The Holiday season is a time for all Canadians to connect with their family and friends and celebrate the things we are all thankful for.
It is also the time of year where most Canadians increase their household electricity use through Christmas lights, space heaters, cooking large meals and using a number of other electric devices in the home.
This increase in use of electricity can lead to dangerous situations such as electrical shock and house fires. These 5 tips from Danatec by We Know Training can help you and your family remain safe while decorating and using electric devices this holiday season.
1. Avoid Overloading
If you decorate your home with Christmas lights during the holiday season, it’s important to properly distribute light strands across a number of extension cords to avoid overloading a singular outlet.
Each extension cord comes with a set wattage rating. If the combined wattage of your Christmas lights exceeds the recommended wattage rating of your extension cord, it can lead to overheating and a possible fire hazard.
Make sure to only use extension cords in proper working condition, with no tears in their exterior coating.
2. Finding the Best Christmas Tree
Whether you celebrate Christmas with an artificial tree or a real one, it’s important to make sure you are taking the proper precautions to avoid creating an unnecessary fire hazard.
If you’re shopping for an artificial tree this year, make sure to purchase one labeled “fire retardant.” Although this doesn’t guarantee your tree won’t catch fire, it does decrease the risk of lights causing an incident.
If you’re using a real tree, make sure to purchase one that has been freshly cut with the least amount of dead, dry needles. The perfect tree will be entirely green with needles that are hard to pull from the branch and that bend instead of breaking.
Once you’ve brought your tree home, cut the bottom at a 45-degree angle and stick it in water to keep it fresh. Allowing your tree to dry out makes it more likely to catch fire from electrical sparks. Check the water level of your tree daily to always ensure it doesn't dry out from the heat caused by indoor Christmas lights.
3. Turn off Lights When You’re Not Home
An electrical safety tips list wouldn't be complete without a reminder to turn off all lights indoors and outdoors when you are away from your home.
Not only will turning off your lights save you money on your power bills, it also greatly reduces the risk of an electrical short which could cause a house fire.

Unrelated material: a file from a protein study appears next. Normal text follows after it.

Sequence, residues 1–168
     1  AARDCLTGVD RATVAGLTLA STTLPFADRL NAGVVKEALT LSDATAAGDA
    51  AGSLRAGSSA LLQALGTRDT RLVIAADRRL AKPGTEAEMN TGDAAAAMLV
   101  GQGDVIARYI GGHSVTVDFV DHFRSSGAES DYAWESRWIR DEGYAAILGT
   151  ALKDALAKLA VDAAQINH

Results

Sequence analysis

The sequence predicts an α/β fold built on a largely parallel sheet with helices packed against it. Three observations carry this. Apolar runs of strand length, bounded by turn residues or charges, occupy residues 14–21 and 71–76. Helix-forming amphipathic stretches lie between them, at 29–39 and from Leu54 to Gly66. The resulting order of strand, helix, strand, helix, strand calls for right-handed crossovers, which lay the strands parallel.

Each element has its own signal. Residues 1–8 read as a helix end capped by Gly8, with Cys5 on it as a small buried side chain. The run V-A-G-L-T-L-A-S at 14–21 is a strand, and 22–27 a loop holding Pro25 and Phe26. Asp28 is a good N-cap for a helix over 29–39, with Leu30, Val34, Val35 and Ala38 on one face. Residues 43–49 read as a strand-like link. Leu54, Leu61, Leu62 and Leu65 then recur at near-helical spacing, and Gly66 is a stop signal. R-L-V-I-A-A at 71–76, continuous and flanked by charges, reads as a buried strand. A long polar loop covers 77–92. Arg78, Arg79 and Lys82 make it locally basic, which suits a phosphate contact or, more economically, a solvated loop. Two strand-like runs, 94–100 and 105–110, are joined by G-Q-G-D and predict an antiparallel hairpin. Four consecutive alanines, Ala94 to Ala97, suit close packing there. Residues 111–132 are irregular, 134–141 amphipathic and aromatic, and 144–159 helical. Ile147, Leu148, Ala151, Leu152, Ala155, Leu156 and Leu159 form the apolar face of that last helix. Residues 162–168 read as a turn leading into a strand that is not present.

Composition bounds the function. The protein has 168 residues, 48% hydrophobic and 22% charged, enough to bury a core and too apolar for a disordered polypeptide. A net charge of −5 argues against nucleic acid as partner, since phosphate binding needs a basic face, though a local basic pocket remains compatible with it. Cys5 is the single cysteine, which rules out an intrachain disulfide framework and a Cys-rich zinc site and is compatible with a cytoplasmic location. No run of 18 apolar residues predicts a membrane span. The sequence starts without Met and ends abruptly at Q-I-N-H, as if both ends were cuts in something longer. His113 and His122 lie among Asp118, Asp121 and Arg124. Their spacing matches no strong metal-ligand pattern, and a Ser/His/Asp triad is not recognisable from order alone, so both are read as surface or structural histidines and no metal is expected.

A great purchase can be a timer for outdoor Christmas lights, ensuring you will never forget your lights on for longer than intended.
4. Indoor and Outdoor Light Safety
It’s important to check all indoor and outdoor lights to ensure they are in proper working condition with no cracks, frayed ends, or missing ground connections - proper electrical safety requires time and maintenance.
Make sure that all outdoor lights being are plugged into GFCI outlets. The benefit of a GFCI outlet is electric shock protection for you when using portable cord-and-plug connected electrical equipment in an indoor or outdoor environment.
The GFCI outlet trips when there is an electrical current on an unintended path, such as through water.
When hanging your lights do not use nails or staples that can penetrate the wires. If you pierce the protecting rubber and expose the wires it can lead to an electrical fire. The heat from the wires can heat up surrounding material and moisture exposure can cause sparks.
Indoor lights should be turned off at the end of every evening, and regularly checked to ensure they are not overheating, and have not been recently damaged. Always check all lights to make sure that they are properly functioning.
5. Winter Heating
During the holiday season, the weather outside might be frightful, and the fire may be delightful, but while you’re letting it snow, it’s important to make sure any electric heating devices are being used properly to ensure your family’s safety.
Proper care should be taken with heaters to maximize safety. Space heaters are a great way to heat targeted areas of a home, but they need to be used with caution.
A space heater should never be left unattended and you should make sure that your heater is pointed away from walls and furniture, and that it is not near any sources of water. If you use a radiator to heat your home, keep your decorations at a reasonable distance.
For more electrical safety tips by an industry expert, check out Electrical Safety Tips for the Holidays by Terry Becker.